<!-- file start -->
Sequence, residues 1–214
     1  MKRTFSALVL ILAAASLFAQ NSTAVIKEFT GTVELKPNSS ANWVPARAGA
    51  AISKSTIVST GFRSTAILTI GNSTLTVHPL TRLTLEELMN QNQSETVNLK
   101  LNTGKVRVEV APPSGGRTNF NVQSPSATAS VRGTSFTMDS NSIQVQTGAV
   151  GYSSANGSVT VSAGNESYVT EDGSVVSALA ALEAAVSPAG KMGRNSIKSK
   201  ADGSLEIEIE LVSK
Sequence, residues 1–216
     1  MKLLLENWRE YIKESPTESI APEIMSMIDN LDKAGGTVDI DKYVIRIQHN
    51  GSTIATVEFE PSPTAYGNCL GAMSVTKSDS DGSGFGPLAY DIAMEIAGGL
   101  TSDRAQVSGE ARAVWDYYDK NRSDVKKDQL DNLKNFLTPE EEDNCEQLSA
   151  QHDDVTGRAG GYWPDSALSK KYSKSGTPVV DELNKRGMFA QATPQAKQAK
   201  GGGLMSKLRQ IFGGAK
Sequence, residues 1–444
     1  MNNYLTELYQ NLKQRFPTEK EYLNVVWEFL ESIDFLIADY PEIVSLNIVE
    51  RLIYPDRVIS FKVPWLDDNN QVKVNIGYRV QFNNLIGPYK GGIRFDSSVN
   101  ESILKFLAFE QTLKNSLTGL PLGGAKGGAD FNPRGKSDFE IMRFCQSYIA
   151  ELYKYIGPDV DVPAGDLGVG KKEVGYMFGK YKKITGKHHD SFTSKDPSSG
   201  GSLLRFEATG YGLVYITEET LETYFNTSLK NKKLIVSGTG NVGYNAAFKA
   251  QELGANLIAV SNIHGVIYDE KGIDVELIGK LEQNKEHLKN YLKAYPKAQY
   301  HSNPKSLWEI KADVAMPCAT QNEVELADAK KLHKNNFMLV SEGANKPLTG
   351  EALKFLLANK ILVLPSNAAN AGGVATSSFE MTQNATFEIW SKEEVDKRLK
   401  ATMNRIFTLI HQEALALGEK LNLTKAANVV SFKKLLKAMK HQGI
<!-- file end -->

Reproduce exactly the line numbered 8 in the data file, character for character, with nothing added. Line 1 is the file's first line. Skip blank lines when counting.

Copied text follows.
     1  MKLLLENWRE YIKESPTESI APEIMSMIDN LDKAGGTVDI DKYVIRIQHN